Violence can happen to anyone—males or females, children, teens, adults, older adults, or people with disabilities. You are not to blame. No matter what happened, violence is not okay. Violent people usually have many problems that they find hard to deal with, which can cause them to act out with violence.
Physical abuse includes hitting, pushing, shaking, slapping, kicking, pinching, choking, strangling, and burning. Physical abuse may come from a stranger, an acquaintance, or a close friend or family member. Many victims of abuse know their attacker.
Violent behavior can also hurt you emotionally. You may feel sad or frightened. Feelings of guilt may prevent you from getting help. But it is important for you to seek help and continue to get help for yourself as long as you need it. Talk to your local child or adult protective agency, the police, or a health professional, such as a doctor, nurse, or counselor. You can also call a local mental health clinic. Any of these people can help you deal with your feelings, get medical treatment if needed, and take steps to stop the abuser.
Check your symptoms to decide if and when you should see a doctor or get other help.
If you feel threatened, you must have a plan for dealing with a threatening situation. If a family member or someone else has threatened to harm you or your child, seek help:
If you are no longer living with a violent person, contact the police to obtain a restraining order if your abuser continues to pursue you and act violently toward you.
Here are some things you can do to help a friend or family member.
The most important step is to help your friend contact local domestic violence groups. There are programs across the country that provide options for safety, legal support, support, and needed information and services. To find the nearest program:
The most dangerous time for your friend may be when she or he is leaving the abusive relationship, so any advice about leaving must be informed and practical.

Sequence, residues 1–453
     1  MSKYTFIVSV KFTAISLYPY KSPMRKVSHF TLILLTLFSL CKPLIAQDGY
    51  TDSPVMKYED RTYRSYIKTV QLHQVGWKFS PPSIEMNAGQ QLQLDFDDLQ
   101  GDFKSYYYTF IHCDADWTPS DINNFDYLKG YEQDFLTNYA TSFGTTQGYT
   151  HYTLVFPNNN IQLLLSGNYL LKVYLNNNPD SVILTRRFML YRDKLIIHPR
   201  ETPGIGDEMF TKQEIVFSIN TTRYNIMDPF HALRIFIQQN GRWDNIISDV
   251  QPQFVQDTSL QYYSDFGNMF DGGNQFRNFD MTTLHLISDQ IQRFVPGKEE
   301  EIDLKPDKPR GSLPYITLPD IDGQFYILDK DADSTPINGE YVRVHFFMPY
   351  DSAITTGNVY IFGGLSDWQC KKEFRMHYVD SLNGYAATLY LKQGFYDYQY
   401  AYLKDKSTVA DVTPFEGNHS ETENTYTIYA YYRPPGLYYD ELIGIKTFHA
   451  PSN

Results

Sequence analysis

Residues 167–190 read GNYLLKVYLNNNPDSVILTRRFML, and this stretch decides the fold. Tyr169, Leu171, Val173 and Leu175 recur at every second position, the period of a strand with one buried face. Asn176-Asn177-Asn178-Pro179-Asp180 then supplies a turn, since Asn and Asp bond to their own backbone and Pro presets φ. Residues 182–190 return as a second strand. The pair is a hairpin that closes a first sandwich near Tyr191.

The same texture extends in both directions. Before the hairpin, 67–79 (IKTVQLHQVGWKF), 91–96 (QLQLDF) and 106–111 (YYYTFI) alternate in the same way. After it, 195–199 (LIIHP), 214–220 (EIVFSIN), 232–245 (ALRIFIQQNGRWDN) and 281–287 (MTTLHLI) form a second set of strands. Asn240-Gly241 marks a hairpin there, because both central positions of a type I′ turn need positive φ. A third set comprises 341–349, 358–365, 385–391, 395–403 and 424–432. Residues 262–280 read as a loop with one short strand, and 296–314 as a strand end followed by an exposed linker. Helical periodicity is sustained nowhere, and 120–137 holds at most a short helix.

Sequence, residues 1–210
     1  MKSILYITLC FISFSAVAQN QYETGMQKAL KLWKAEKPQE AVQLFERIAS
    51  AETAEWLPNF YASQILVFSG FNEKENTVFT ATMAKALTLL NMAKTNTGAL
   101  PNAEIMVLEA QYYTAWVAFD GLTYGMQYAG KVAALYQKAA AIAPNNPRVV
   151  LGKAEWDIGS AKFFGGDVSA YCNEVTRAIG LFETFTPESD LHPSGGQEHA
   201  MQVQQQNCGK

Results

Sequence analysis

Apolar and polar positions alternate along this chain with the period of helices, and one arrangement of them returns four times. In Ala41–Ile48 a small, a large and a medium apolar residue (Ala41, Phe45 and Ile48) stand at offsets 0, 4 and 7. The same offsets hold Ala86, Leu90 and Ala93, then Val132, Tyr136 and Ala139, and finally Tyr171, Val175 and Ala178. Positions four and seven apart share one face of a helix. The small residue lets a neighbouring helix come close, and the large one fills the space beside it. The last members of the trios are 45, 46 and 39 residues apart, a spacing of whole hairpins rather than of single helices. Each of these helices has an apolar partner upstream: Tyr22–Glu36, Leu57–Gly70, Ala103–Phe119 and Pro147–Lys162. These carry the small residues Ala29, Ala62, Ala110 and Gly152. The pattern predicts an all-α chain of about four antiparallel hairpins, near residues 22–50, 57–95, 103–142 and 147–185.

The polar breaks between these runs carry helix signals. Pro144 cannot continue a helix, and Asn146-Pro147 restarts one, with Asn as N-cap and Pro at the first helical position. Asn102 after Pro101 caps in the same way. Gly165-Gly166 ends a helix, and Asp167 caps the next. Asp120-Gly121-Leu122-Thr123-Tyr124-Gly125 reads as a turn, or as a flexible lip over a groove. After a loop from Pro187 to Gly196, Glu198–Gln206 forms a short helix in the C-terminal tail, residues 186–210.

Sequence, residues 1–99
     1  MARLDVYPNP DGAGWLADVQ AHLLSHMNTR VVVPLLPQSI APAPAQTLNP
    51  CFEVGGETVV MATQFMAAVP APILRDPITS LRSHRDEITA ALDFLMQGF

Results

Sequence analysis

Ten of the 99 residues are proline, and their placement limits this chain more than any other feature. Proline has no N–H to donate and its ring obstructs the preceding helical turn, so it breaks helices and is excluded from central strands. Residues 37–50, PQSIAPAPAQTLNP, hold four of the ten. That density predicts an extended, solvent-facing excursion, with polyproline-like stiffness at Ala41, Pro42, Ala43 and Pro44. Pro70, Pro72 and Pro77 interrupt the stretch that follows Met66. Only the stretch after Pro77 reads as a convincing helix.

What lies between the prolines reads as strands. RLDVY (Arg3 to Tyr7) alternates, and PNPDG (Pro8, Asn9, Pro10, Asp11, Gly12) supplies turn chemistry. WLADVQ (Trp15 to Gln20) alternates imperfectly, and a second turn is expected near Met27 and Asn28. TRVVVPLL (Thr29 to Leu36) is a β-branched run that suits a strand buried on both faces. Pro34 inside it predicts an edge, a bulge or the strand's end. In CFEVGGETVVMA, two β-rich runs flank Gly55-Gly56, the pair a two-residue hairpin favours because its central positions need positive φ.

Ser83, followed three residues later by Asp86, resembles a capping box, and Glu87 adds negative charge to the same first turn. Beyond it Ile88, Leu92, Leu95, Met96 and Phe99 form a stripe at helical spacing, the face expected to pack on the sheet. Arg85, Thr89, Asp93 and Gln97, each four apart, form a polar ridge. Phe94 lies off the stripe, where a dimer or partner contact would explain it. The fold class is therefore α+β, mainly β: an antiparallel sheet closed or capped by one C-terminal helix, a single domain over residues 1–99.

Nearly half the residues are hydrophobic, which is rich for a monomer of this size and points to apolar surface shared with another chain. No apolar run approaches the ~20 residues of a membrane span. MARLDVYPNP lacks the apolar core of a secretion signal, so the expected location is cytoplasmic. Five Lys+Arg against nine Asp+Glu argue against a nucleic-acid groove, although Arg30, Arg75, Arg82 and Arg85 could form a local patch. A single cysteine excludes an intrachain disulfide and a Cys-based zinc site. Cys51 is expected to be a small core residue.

Violence is learned behavior, so it is especially important to help your children learn that violence is not a healthy way to resolve conflict. Living in a violent environment increases your child's chances of developing behavior problems, depression, anxiety, post-traumatic stress disorder, poor school achievement, and lowered expectations for the future. People who are maltreated as children are more likely to abuse others. If you were ever abused, it is very important to get treatment so that you learn different ways to resolve conflict and use appropriate discipline.
If you have been a victim of abuse and continue to have problems related to the abuse, you may experience mental health problems, such as depression, anxiety, or post-traumatic stress disorder (PTSD). For more information, see the topics Depression, Anxiety, or Post-Traumatic Stress Disorder.
If violence occurs again, call your doctor to decide if and when you need to see your doctor or get other help.
Prevent violence in your home.
Keep yourself safe from violence.
To prepare for your appointment, see the topic Making the Most of Your Appointment.
If you have made an appointment with your health professional, you may be able to get the most from your visit by being prepared to answer the following questions:
If you need immediate help, call 911.
Another resource for help is the National Domestic Violence Hotline (1-800-799-SAFE, 1-800-799-7233) or see the website at www.ndvh.org for free, confidential counseling and information about local community resources.
|National Domestic Violence Hotline|
|Email:||email@example.com (email is not confidential or secure)|
The National Domestic Violence Hotline offers crisis intervention, information about domestic violence, and referrals to local service providers for victims of domestic violence (men, women, and teens) and those calling on their behalf. The hotline is available 24 hours a day, 365 days a year, in English, Spanish, and other languages. The hotline connects callers to more than 4,000 shelters and service providers in the United States, Puerto Rico, and the U.S. Virgin Islands.
|Primary Medical Reviewer||William H. Blahd, Jr., MD, FACEP - Emergency Medicine|
|Specialist Medical Reviewer||H. Michael O'Connor, MD - Emergency Medicine|
|Last Revised||December 23, 2011|
Last Revised: December 23, 2011
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